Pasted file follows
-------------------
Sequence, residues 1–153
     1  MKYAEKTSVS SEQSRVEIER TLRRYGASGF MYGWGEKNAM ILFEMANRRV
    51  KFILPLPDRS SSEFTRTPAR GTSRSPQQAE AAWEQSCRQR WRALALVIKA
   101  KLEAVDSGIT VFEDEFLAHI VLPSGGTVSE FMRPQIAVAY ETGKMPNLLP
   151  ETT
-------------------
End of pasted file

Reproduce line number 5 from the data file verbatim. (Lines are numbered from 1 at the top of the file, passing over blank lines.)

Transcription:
   151  ETT